In early 1915, German and Allied troops were dug into trenches and neither side could move the other – a World War I waiting game. The German army decided to use poison gas to force troops to leave the trenches, making the men easier targets for attack with firearms and shells, says Joseph Gal, a professor of medicine and pathology at the CU Anschutz Medical Campus. His specialties include historical aspects of science and medicine.
The April 22, 1915, deployment of 168 tons of chlorine gas “so horrified the world,” said Gal, no one thought it would happen again. But despite attempts to prohibit the use of deadly agents that maim and kill, chemical warfare has continued, including recent documented examples during the Iran-Iraq war in the 1980s and in Syria in 2013.
The use of chemical warfare is the topic of a one-day symposium organized by Gal for the upcoming American Chemical Society’s (ACS) 249th National Meeting and Exposition, March 22-26 in Denver. The meeting typically draws 12,000 to 14,000 participants from around the world.
Gal has a Ph.D. in chemistry and has retained his interest in his original chemistry training.
“I became fascinated with the history of chemistry. As a kid, I loved history. I grew up in Europe and there’s a lot of history there,” he said. He married his love of chemistry and history several years ago and became involved in scholarly research on the topic. He also has developed lectures on the history of chemistry and its relationship to medicine and other fields that are geared to the more general public, and has given presentations through the Arts in Medicine Lecture Series at CU Anschutz.
One of Gal’s early interests was the moral and ethical behavior of scientists, including the German scientist Fritz Haber.
“I became very interested in Haber, a great chemist and Nobel Laureate,” Gal said. “He’s called the father of chemical warfare because he basically got the German government to start using the poison gas we all know about.”
Gal developed a lecture about Haber and the moral and ethical aspects of scientists for the Anschutz series, and that led to an interest in chemical warfare – and another public lecture, “Modern Chemical Warfare: History, Science, Medicine, Morality.”
His research, and those lectures – and the fact that 2015 is the centenary of the first wide-scale chemical attack with poison gas — became the basis for the ACA symposium, which is titled, “Modern Chemical Warfare: History, Science, Toxicology and Morality.” The March 24, all-day symposium features 11 speakers from around the globe and includes a film about Haber.
Gal will deliver the opening lecture, a historical overview of modern chemical warfare, beginning in World War I.
“By the end of World War I, scientists working for both sides had evaluated some 3,000 different chemicals for use as possible weapons; around 50 of these poisons were actually tried out on the battlefield,” Gal said in an interview for a feature in the Chemical and Engineering News, a weekly news magazine of the American Chemical Society. (Visit http://cen.acs.org/magazine/93/09308.html to read “When Chemicals Became Weapons of War.”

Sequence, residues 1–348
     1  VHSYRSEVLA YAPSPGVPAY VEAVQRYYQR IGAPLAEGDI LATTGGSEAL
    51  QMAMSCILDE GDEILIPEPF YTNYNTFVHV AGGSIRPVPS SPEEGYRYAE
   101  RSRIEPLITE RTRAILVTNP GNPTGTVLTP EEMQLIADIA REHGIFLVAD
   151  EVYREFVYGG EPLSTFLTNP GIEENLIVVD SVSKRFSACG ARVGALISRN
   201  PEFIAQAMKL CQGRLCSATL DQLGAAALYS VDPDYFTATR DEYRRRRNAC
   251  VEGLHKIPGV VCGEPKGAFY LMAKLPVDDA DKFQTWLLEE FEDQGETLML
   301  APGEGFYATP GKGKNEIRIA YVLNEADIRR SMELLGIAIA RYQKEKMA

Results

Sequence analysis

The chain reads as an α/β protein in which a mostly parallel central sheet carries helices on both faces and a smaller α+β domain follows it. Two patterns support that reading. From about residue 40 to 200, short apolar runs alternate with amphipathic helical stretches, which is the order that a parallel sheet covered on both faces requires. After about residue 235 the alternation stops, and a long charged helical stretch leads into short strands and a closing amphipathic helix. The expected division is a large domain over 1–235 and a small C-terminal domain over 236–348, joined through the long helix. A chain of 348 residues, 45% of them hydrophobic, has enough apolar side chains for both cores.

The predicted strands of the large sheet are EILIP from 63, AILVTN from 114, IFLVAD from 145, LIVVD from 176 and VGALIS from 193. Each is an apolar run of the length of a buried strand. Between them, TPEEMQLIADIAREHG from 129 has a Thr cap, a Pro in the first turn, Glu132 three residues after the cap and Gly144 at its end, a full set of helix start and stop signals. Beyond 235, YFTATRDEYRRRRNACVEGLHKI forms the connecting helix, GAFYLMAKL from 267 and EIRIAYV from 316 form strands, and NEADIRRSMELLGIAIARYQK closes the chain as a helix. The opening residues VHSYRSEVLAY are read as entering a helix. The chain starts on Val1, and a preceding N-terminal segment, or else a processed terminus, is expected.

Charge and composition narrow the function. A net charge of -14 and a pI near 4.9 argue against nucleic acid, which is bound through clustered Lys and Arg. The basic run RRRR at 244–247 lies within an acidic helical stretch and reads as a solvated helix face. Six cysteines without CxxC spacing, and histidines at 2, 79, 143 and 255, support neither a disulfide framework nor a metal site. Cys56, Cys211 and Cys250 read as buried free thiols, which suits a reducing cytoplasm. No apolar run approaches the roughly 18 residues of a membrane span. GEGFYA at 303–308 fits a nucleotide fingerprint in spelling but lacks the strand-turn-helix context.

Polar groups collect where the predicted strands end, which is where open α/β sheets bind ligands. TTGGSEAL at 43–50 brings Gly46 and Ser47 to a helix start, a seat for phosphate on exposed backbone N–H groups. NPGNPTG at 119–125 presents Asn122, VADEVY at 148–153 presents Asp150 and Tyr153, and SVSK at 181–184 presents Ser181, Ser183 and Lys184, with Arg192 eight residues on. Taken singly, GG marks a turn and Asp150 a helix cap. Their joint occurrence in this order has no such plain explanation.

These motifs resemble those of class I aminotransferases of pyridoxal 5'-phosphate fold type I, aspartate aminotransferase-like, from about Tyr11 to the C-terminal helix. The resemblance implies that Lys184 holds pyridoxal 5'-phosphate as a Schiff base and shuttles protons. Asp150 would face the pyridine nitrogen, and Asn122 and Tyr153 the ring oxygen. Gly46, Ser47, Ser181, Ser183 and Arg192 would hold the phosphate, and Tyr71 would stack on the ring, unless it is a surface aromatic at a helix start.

Gal said scientists must decide on the responsibilities of participating in this type of research. Some scientists say the community should never get involved in developing chemical weapons, but others say the work could result in other, beneficial results. Gal said his view is that there is no justification for developing weapons of mass destruction.
“If we have a need for chemicals that are essential for human existence and human activities, then we should focus our resources on that,” he said. “If we can develop chemical weapons, we can develop the beneficial things as well.”
While chemical weapons research during World War I later resulted in the development of some insecticides, the reverse also has occurred. In the 1930s, Gal said, chemists creating insecticides stumbled upon nerve gas.
Efforts have been made to stop the use of chemical weapons throughout the years, but most have failed. Finally in 1993, Gal said, the Chemical Weapons Convention was launched by the Organization for the Prohibition of Chemical Weapons (OPCW). The United Nations-affiliated agency will have a representative at the symposium who will discuss the history of the negotiation and development of the treaty to ban weapons of mass destruction.
To date, 190 countries have signed the treaty, which is implemented by the OPCW. The organization was awarded the Nobel Peace Prize for its efforts in 2013.
In another symposium session, David Gilmore, a clinical faculty member of the Division of Clinical Pharmacology and Toxicology at CU Anschutz and member of the Emergency Department at Exempla St. Joseph Hospital, will describe the injuries caused by substances used in the manufacturing and use of weapons of mass destruction. Those injuries range from mild to life-threatening and can have immediate effects or can surface months or years in the future. These chemicals also can remain in the environment for lengthy periods and alter DNA.
For more information about the ACS meeting, visit http://www.acs.org/content/acs/en/meetings/spring-2015.html